Married life now vs 14th century
Medieval marriage laws
Death during childbirth was also tragically common: Princess Jeanne of Bourbon, wife of Charles V of France, died in after contracting a fever during an agonizing four-day labor and being immersed in a cold bath. The dowry would be presented to the groom at the time of the marriage. Wedding Rituals Many of the items and rituals that took place during the time of a wedding have become traditions and are practiced today. Perhaps the caution of young Claudio in Much Ado About Nothing has something to do with the fear of acting without permission: he is careful to make sure that his loved one, Hero, is the sole heir to her father's estate see 1. Fourteenth century European princesses were substantially more restricted, at least on paper — they were usually just educated in the pursuit of a good match, in the ladylike pursuits of music and embroidery, and then expected to produce baby heirs at a rate of knots. One reason was if either the man or woman were not of legal age, 12 for girls and 14 for boys. Codex of Predis Compare that to now, when a pregnant princess would barely be allowed to get on a plane. Being a royal female looks difficult enough in the age of paparazzi, endless public scrutiny and Twitter. Although the medieval church upheld freely given consent as the foundation of marriage, in practice families and social networks usually had a great deal of influence over the choice and approval of marriage partners. The marriage ceremony, for example, contains much of the same wording that was used in the middle ages. The world knew exactly who these women were; they'd often been specially selected for the princess before she was born.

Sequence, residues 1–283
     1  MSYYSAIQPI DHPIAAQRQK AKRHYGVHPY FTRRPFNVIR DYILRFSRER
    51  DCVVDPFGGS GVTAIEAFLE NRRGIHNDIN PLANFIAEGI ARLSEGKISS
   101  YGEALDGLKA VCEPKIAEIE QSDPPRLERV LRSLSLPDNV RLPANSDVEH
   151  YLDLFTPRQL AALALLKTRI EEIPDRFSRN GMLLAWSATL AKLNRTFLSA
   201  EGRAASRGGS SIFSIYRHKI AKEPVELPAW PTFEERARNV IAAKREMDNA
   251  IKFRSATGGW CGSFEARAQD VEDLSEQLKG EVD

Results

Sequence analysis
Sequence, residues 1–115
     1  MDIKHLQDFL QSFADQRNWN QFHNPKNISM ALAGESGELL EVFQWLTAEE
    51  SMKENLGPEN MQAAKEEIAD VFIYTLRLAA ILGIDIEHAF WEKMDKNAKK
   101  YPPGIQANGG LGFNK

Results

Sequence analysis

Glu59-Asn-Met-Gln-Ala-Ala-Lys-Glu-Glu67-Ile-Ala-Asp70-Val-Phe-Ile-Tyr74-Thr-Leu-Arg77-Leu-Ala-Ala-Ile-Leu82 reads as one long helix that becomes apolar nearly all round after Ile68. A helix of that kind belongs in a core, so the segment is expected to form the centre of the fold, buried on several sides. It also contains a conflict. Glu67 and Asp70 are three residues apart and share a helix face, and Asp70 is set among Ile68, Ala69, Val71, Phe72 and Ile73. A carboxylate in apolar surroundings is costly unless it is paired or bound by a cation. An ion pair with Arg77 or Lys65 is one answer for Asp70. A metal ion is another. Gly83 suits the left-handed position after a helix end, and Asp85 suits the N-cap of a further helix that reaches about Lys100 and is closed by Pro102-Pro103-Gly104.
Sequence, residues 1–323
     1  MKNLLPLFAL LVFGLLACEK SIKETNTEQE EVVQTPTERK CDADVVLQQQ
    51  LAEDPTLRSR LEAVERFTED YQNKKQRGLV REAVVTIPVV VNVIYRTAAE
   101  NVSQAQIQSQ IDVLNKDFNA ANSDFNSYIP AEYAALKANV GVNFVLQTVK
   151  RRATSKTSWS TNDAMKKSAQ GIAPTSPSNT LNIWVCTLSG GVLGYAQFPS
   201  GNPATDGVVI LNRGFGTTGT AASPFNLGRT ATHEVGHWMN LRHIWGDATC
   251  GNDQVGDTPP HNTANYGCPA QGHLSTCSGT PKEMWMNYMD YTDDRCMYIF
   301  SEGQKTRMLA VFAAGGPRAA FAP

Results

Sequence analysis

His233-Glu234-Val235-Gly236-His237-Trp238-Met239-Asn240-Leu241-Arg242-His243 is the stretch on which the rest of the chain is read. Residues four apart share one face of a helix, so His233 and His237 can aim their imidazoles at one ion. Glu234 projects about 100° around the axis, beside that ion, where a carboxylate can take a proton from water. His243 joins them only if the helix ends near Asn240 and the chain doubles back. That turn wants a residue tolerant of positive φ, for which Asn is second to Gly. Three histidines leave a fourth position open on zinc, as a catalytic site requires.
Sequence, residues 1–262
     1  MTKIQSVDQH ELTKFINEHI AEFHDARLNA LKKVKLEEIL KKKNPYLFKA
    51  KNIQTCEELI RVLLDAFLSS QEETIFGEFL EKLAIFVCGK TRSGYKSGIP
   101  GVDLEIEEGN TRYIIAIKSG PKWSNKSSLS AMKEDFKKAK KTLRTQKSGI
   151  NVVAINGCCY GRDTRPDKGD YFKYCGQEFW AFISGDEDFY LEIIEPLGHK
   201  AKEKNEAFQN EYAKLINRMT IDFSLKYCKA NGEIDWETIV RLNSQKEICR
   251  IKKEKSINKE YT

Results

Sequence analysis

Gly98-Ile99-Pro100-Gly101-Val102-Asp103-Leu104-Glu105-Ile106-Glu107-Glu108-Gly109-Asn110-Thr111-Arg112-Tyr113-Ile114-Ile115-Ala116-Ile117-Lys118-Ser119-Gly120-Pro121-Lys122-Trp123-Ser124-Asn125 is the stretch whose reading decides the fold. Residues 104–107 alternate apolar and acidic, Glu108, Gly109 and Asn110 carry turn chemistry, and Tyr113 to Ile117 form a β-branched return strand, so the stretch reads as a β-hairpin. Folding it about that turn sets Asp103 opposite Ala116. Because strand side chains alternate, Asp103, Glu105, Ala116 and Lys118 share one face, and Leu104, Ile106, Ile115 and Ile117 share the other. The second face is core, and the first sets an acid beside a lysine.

If they were unhappy with each other, they could divorce — and nearly half of all couples did. In England some people did marry near churches to give greater spiritual weight to proceedings, often at the church door leading to some rather fabulous church porches being added to earlier buildingsbut this still did not necessarily involve a priest.
A couple could also not be married during a time of fasting, such as lent or advent, and a couple could not be married by someone who had killed someone.
Parental consent was not required. Twelfth-century liturgies for same-sex unions — also known as "spiritual brotherhoods" — included the recital of marriage prayers, the joining of hands at the altar, and a ceremonial kiss.
People Arranged Marriage In the Medieval times, marriage was quite different than today. Pregnant princesses of the 14th century sometimes had to travel huge distances because of their regal duties ; 'touring' your territory was a big part of the job, and if you were pregnant, so be it.
In the past, when marriages were political alliances, young women were kept separate from the outside world, and childbirth was frequently lethal, becoming a princess was a much more fraught endeavor.
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